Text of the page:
People are naturally rather cynical, so it’s little surprise that many don’t trust bookmakers, casinos and betting companies in general. Unfortunately, not trusting them isn’t a reason to take them to court, but there are some reasons why you might wish to do so. Most of the time, claims against bookies and betting companies can be settled by contacting them directly or by speaking the the Independent Betting Adjudication Service.
On occasion, though, there are problems that IBAS alone can’t solve. Whether it be that they’ve refused to pay out a winning bet, cancelling a bet for seemingly no reason or because they’ve failed when it comes to their GDPR responsibilities, it sometimes gets to the point where a punter feels as though that have no choice but to go down the legal route. Why does it happen and what does such a thing entail?
Suing A Betting Company
The manner in which the betting industry is set up is such that if you have a problem then the first thing you need to do is speak to the company directly. The majority of disputes are solved in this manner, but sometimes they aren’t willing to give you what you think you deserve. When that happens, your next step is to contact the Independent Betting Adjudication Service, more commonly referred to by the acronym IBAS.
The reasons for contacting IBAS will be numerous, but it could be something such as a company refusing to pay out a withdrawal that you’ve requested. Usually this is because they need more information from you, which is often the case when betting companies are trying to avoid being accused of money laundering. IBAS will theoretically work as an impartial judge on the case, with a panel of experts making a judgement on the matter.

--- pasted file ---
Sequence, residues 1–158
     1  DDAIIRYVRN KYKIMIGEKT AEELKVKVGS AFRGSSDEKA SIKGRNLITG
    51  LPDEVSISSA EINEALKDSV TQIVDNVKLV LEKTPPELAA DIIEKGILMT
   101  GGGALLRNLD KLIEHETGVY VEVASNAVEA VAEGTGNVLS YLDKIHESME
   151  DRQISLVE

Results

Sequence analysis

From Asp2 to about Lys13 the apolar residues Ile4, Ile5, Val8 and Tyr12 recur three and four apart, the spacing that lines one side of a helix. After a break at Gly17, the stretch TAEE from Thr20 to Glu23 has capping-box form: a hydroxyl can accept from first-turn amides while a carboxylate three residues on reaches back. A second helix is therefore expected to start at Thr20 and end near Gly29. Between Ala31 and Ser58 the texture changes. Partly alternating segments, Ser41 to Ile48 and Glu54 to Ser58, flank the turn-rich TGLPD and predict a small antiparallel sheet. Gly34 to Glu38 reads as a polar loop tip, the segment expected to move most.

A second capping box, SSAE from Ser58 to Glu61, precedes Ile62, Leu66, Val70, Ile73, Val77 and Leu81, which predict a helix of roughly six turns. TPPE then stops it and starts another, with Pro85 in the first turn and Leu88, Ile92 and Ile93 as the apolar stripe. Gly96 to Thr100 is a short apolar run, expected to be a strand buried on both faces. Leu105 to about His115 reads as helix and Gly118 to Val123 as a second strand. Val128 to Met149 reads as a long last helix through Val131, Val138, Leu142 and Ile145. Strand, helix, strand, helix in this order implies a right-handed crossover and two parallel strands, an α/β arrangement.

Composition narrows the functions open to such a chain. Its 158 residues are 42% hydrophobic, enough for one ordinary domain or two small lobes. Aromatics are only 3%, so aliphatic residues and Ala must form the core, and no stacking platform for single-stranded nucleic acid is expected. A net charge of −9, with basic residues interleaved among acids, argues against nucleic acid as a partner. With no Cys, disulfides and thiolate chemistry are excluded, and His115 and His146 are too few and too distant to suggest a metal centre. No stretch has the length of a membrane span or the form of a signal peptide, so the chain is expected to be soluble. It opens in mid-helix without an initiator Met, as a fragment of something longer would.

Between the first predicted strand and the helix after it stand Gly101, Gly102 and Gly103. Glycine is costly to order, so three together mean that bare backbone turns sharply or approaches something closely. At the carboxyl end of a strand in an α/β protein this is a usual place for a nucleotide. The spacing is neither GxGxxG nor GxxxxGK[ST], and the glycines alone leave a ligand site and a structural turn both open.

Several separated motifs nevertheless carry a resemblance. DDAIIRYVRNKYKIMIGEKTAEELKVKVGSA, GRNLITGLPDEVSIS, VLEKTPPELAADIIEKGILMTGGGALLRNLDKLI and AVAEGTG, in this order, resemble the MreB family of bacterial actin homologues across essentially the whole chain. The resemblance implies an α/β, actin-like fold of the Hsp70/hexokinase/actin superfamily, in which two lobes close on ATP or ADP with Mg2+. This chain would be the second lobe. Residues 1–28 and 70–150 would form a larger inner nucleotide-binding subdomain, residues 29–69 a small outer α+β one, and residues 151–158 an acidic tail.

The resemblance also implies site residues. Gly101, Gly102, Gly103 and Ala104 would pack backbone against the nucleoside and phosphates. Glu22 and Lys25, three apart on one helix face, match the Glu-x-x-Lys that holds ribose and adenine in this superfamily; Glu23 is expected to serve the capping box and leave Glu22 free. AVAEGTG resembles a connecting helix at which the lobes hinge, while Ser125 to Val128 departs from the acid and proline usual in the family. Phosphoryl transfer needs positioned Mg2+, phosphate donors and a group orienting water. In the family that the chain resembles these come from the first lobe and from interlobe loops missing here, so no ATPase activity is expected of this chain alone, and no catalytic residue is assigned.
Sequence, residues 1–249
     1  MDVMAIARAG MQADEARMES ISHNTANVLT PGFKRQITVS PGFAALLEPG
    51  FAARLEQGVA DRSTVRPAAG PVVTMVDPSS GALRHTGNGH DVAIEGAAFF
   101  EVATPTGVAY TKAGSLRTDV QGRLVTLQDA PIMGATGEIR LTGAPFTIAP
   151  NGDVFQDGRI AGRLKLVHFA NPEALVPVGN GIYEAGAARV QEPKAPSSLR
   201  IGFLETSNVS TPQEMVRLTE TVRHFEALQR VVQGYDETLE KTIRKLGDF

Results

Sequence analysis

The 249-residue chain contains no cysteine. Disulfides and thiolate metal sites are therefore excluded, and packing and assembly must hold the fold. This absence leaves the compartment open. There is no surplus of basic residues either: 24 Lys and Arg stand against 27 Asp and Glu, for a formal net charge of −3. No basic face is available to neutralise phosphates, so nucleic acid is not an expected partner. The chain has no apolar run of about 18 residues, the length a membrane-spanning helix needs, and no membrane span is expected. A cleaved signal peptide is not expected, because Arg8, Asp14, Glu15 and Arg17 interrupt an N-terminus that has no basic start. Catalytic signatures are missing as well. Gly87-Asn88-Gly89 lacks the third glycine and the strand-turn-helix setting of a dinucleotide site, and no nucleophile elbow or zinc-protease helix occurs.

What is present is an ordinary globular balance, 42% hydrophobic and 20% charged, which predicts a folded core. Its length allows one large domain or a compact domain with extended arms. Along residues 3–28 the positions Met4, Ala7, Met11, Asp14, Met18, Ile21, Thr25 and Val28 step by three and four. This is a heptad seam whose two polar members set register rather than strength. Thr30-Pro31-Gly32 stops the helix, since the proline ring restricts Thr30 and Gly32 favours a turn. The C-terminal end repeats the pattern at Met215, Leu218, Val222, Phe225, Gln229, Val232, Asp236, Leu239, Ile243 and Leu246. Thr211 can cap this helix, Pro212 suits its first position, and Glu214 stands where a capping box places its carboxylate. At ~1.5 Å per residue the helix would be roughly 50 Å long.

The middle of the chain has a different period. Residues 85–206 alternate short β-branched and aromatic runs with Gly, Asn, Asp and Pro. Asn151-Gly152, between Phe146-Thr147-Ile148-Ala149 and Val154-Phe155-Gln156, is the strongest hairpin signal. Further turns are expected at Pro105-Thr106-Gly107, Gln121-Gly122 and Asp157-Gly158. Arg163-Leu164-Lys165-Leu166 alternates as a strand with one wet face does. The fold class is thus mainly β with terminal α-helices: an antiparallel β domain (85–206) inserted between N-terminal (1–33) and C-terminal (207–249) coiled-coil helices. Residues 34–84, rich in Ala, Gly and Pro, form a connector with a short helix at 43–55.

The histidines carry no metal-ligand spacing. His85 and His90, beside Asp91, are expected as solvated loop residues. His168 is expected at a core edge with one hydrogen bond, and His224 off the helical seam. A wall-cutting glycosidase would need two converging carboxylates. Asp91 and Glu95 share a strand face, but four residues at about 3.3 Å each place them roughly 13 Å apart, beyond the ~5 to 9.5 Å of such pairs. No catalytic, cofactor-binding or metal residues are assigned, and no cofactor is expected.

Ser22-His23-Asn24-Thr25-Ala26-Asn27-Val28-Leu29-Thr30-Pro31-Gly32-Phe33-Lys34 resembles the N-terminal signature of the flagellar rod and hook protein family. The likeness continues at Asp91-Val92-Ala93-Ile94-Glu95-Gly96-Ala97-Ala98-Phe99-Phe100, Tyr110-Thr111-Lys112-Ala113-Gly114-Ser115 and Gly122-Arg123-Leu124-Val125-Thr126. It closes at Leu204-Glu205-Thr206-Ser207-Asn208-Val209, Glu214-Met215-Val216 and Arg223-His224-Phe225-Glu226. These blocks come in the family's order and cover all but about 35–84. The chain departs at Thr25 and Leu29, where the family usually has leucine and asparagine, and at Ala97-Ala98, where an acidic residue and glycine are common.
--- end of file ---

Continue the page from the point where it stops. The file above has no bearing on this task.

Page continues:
It’s not uncommon for that to still not reach the conclusion that the bettor was hoping for, but it is not a legally binding decision. This means that punters can turn to the courts in cases where they’re still not happy, though the betting companies have to abide by IBAS’ decision over amounts worth up to £10,000. If you’re still not happy, you’ll need to get in touch with a solicitor and look to make the next move: court.
Read The Terms & Conditions
When you sign up with a betting company and place a wager, you’re agreeing to a contract. There are terms and conditions that you’ll have agreed to, even if you didn’t realise they existed or read them when you agreed to them. It’s really important to read through the terms and conditions before you look to take a betting company to court, because it’s possible that the issue in question is covered by them.
This is also why the free service offered by IBAS is such an important stage in the process; the IBAS panel will read through the terms and conditions to to identify any problem areas with your claim. Unless you feel capable of proving that the terms in question are unreasonable, the chances are that you’ll lose in court if the issue you want to sue over is covered by the company’s terms and conditions.